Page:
I do question whether all this information is actually enriching our lives. Are we better people because we are better informed?

I have learnt to gloss over things and take note of things that interest me or that may be useful to me later. I focus on storing snippets of information which act as memory cues for later retrieval. Well, that’s what I think I do.

I do know that I want space free in my brain for other things such as creativity and thinking. I am so tired of that overloaded feeling in my head.

… the information capacity of the brain is approximately 500 terrabytes or ½ a petabyte.

It is hard to envisage what half a petabyte is like in terms of information capacity.

One comparison would be with books. The Bible (a big book!) takes about 4.5 Mbytes to store, so that our brain’s capacity is equivalent to a billion bibles, about the number which stacked floor to ceiling would fill a medium sized church.

… the specialness of the human brain is not because of simple capacity or speed. If size were all that matters in cognition, we have already been beaten by our own creations. Really the specialness of our minds is in their organisation and the things that make us human beyond simple information: compassion, pain, heroism, joy – we are indeed fearfully and wonderfully made.

A. Dix (2005). The brain and the web – a quick backup in case of accidents. Interfaces, 65, pp. 6-7. Winter 2005. http://www.hcibook.com/alan/papers/brain-and-web-2005/

You might well be asking what does the brain have to do with gravity.

These two things reminded me of a recent news item: Keith Richards (from the Rolling Stones) falling out of a coconut palm tree and ending up having to have brain surgery.

Watch for falling stones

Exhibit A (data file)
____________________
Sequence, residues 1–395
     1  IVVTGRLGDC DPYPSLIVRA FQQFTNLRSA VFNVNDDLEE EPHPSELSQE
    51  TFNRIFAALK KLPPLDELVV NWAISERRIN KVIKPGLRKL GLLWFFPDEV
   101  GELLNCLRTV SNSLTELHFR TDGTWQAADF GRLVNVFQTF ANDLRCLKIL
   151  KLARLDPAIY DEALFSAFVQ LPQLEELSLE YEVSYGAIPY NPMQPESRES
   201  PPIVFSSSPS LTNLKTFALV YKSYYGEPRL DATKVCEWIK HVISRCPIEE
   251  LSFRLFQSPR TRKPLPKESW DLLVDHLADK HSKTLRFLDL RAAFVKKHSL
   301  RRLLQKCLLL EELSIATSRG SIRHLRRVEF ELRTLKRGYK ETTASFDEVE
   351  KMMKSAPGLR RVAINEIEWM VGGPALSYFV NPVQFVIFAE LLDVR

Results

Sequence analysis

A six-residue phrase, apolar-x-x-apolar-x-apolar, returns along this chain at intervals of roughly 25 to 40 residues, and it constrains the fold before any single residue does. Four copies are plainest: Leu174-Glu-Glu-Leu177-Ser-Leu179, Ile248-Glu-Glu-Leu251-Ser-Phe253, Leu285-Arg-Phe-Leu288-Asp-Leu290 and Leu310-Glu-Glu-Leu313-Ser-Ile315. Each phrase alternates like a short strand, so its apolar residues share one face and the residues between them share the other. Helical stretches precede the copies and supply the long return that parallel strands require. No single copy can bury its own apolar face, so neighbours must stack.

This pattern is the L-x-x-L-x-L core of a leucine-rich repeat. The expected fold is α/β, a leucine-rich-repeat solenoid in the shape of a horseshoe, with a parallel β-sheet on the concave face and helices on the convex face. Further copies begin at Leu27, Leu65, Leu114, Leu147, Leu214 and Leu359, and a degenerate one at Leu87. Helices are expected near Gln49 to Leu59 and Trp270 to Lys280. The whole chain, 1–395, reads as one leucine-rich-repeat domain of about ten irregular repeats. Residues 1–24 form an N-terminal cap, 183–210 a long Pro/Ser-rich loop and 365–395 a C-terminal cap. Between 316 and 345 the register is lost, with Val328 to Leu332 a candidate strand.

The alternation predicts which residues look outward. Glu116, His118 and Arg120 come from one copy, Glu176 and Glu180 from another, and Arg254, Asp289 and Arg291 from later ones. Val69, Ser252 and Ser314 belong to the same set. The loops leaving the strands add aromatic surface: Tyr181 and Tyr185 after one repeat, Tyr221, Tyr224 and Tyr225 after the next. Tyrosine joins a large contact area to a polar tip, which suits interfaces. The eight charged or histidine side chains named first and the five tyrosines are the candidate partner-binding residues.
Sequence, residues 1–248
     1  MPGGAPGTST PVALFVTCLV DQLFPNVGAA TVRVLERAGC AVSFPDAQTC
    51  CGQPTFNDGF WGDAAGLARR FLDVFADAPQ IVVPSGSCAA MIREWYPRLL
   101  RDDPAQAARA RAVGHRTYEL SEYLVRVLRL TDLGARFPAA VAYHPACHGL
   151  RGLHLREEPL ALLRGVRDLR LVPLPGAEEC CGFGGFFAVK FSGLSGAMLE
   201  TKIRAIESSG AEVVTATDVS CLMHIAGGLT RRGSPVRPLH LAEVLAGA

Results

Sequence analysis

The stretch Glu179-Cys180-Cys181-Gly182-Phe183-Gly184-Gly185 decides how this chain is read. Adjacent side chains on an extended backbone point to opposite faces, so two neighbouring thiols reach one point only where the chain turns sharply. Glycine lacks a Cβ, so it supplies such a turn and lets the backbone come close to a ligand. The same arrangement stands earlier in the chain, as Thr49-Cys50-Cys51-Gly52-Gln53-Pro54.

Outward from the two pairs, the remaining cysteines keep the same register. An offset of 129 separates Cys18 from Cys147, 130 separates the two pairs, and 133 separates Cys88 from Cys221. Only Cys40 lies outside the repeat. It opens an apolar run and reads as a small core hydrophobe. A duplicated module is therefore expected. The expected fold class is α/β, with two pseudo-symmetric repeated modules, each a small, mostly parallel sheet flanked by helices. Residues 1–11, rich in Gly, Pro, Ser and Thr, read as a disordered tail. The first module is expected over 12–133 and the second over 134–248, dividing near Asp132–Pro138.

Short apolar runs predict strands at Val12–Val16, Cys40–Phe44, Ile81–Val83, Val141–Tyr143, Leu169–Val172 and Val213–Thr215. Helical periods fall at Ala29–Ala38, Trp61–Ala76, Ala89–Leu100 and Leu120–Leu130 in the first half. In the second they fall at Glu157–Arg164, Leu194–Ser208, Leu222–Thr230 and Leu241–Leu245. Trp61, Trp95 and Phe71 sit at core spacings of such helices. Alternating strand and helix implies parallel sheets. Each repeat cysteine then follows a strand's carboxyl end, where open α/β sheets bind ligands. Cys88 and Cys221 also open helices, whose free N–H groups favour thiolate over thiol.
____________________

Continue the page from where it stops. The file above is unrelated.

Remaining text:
I wonder if Keith gave any consideration to the laws of gravity as he was testing out his tree climbing skills. I wonder which technique he used: the front foot or the frog technique? It was a pity he didn’t think about how he was going to get down!

Maybe Keith needs a refresher science lesson or he should consider wearing a protective helmet in future tree climbing adventures.

Rosemary McLeod commented:

Of all the frolics I imagined with Keith Richards, picking coconuts would have been the least likely to feature.

I hadn’t known about his penchant for climbing, but I see he’s previously had a fall – before a 1998 tour, which then had to be delayed as a result. He was up a ladder looking for a book in the library of one of his mansions – that thing for heights again – when it happened.

This just shows the grit and determination of the man, scaling colossal heights “because it’s there”, when he could afford to pay a team of minions to romp up his shelves for him while he dozed on the antiques.

It would appear though that Keith is not the only one to suffer from the problem of falling out of palm trees. However, at the age of 62 he is not a typical candidate for this type of accident. Research on Coconut palm related injuries in the Pacific Islands reported that over a six year period:

A total of 3.4% of all injuries presenting to the surgical department was related to the coconut palm. Eighty-five patients fell from the coconut palm, 16 patients had a coconut fruit fall on them, three patients had a coconut palm fall on them and one patient kicked a coconut palm. The majority of patients who were injured by falling from a coconut palm were young (aged 6–25 years). Eleven of the 16 patients struck by falling fruit were under 25 years of age. The majority of injuries sustained were fractures. Patients falling from coconut palms sustained mainly upper limb fractures (60.1% of all fractures) or spinal fractures (16.3%). Patients injured by falling fruit sustained skull or upper limb fractures. All skull fractures occurred in patients under the age of 10 years.

I’m thrilled to hear Keith is improving and the Bigger Bang tour will continue. I certainly loved their show in Wellington.

Do remember to take note: whenever you sit beneath a tree, watch out for falling objects.